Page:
Bone quality should play an important role in decision-making for orthopaedic treatment options, implant selection, and affect ultimate surgical outcomes. The development of decision-making tools, currently typified by clinical guidelines, is highly dependent on the precise definition of the term(s) and the appropriate design of basic and clinical studies. This review was performed to determine the extent to which the issue of bone quality has been subjected to this type of process.

Bone Quality: Educational Tools for Patients, Physicians, and Educators

Junaid Shams BA, Allison B. Spitzer BA, Ann M. Kennelly BA, Laura L. Tosi MD

Defining bone quality remains elusive. From a patient perspective bone quality can best be defined as an individual’s likelihood of sustaining a fracture. Fracture risk indicators and performance measures can help clinicians better understand individual fracture risk. Educational resources such as the Web can help clinicians and patients better understand fracture risk, communicate effectively, and make decisions concerning diagnosis and treatment.

History and Systematic Review of Wear and Osteolysis Outcomes for First-generation Highly Crosslinked Polyethylene

Steven M. Kurtz PhD, Heather A. Gawel MS, Jasmine D. Patel PhD

Highly crosslinked polyethylene (HXLPE) was introduced to reduce wear and osteolysis in total joint arthroplasty. While many studies report wear and osteolysis associated with HXLPE, analytical techniques, clinical study design and followup, HXLPE formulation and implant design characteristics, and patient populations differ substantially among investigations, complicating a unified perspective.

Do First-generation Highly Crosslinked Polyethylenes Oxidize In Vivo?

Daniel MacDonald BS, Ashlyn Sakona BS, Allyson Ianuzzi PhD, Clare M. Rimnac PhD, Steven M. Kurtz PhD

Highly crosslinked and thermally treated polyethylenes were clinically introduced to reduce wear and osteolysis. Although the crosslinking process improves the wear performance, it also introduces free radicals into the polymer that can subsequently oxidize. Thermal treatments have been implemented to reduce oxidation; however, the efficacy of these methods with regard to reducing in vivo oxidative degradation remains to be seen. Polyethylene oxidation is a concern because it can compromise the ultimate strength and ductility of the material.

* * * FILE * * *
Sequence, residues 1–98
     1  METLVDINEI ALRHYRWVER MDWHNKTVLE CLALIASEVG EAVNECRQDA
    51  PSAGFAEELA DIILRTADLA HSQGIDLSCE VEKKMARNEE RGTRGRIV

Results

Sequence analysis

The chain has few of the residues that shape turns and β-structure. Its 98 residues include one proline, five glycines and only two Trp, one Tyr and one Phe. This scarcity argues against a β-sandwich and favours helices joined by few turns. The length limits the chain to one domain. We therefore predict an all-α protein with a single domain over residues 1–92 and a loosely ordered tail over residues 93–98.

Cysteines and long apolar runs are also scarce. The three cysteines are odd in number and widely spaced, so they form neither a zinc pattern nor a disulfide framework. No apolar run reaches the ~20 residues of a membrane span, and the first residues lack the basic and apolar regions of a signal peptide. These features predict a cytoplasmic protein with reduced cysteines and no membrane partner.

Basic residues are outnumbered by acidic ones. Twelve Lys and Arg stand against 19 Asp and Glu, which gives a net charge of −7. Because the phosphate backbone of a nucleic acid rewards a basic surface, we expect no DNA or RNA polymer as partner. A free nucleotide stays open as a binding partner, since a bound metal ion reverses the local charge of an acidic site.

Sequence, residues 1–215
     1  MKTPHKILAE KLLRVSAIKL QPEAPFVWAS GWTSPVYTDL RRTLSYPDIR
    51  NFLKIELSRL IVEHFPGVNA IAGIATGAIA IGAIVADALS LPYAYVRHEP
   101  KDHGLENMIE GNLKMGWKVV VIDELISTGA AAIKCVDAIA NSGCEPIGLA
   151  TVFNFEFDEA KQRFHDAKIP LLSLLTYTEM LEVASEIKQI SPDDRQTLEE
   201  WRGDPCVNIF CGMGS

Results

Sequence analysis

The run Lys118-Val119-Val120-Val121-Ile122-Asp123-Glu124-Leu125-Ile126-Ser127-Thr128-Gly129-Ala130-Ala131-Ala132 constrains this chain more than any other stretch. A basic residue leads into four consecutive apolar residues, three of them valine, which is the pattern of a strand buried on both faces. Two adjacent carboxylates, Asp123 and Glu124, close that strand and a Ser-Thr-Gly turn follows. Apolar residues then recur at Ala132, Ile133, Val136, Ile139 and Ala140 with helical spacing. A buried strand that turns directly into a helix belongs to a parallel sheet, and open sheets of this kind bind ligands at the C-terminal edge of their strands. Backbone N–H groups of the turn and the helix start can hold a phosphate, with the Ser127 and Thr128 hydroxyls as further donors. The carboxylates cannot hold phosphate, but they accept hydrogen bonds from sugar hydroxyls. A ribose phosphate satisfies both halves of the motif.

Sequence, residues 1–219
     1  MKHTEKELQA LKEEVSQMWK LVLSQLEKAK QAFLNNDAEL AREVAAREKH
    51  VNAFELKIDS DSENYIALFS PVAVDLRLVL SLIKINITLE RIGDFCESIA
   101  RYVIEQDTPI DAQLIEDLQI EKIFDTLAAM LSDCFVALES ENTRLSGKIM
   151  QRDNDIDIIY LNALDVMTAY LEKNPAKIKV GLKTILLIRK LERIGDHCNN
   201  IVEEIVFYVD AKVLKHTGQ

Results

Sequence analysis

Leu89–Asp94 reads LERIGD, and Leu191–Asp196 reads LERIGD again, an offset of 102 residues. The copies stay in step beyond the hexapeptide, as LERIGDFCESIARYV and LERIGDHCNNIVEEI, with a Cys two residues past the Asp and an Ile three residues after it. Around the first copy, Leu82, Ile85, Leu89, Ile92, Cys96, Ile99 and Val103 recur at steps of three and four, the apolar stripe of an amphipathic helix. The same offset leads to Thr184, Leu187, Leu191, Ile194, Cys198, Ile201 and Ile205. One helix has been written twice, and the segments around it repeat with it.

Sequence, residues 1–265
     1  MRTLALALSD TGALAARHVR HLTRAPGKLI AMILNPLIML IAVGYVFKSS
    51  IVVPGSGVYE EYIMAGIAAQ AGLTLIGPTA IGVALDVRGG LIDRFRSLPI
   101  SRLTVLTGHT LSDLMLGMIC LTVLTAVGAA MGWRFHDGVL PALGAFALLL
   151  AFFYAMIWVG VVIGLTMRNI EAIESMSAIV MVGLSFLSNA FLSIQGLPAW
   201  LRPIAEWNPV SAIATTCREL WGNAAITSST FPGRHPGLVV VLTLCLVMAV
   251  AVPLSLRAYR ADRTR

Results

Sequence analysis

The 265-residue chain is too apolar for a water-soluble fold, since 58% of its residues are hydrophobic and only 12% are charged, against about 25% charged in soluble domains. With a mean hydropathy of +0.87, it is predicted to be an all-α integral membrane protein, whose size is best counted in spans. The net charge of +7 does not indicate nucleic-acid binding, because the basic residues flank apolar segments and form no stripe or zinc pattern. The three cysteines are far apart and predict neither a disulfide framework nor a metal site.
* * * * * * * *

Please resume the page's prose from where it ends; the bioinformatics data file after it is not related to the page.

Vitamin E-stabilized UHMWPE for Total Joint Implants: A Review

Pierangiola Bracco MD, Ebru Oral PhD

Osteolysis due to wear of UHMWPE limits the longevity of joint arthroplasty. Oxidative degradation of UHMWPE gamma-sterilized in air increases its wear while decreasing mechanical strength. Vitamin E stabilization of UHMWPE was proposed to improve oxidation resistance while maintaining wear resistance and fatigue strength.

Europium Stearate Additives Delay Oxidation of UHMWPE for Orthopaedic Applications: A Pilot Study

Luis A. Gallardo MS, Ilenia Carpentieri PhD, Michel P. Laurent PhD, Luigi Costa PhD, Markus A. Wimmer PhD

Ultrahigh-molecular-weight polyethylene (UHMWPE) is used as an articulating surface in prosthetic devices. Its failure under various mechanisms after oxidation is of utmost concern. Free radicals formed during the sterilization process using high-energy irradiation result in oxidation. Europium, an element of the lanthanide family, has a unique electron configuration with an unusual lack of preference for directional bonding and notable bonding to oxygen. Because of this, it currently is used in studies for stabilization of polymers such as polyvinyl chloride.

Crack Propagation Resistance Is Similar Under Static and Cyclic Loading in Crosslinked UHMWPE: A Pilot Study

Jevan Furmanski PhD, Clare M. Rimnac PhD

Recent work suggests crack phenomena (eg, crack initiation and propagation) in UHMWPE do not depend on cyclic damage mechanisms. Materials for which crack phenomena occur in static (noncyclic) mode should exhibit similar crack propagation behavior under static and cyclic loading conditions.

Do Tissues From THA Revision of Highly Crosslinked UHMWPE Liners Contain Wear Debris and Associated Inflammation?

Ryan M. Baxter MS, Theresa A. Freeman PhD, Steven M. Kurtz PhD, Marla J. Steinbeck PhD

Polyethylene wear debris is a major contributor to inflammation and the development of implant loosening, a leading cause of THA revisions. To reduce wear debris, highly crosslinked ultrahigh-molecular-weight polyethylene (UHMWPE) was introduced to improve wear properties of bearing surfaces. As highly crosslinked UHMWPE revision tissues are only now becoming available, it is possible to examine the presence and association of wear debris with inflammation in early implant loosening.

Does Texturing of UHMWPE Increase Strength and Toughness?: A Pilot Study

Frédéric Addiego PhD, Olivier Buchheit PhD, David Ruch PhD, Said Ahzi PhD, Abdesselam Dahoun PhD

Crosslinked UHMWPE as a bearing surface in total joint arthroplasty has higher wear resistance than conventional UHMWPE but lower strength and toughness. To produce crosslinked UHMWPE with improved mechanical properties, the material can be treated before crosslinking by tension to induce molecular alignment (texture).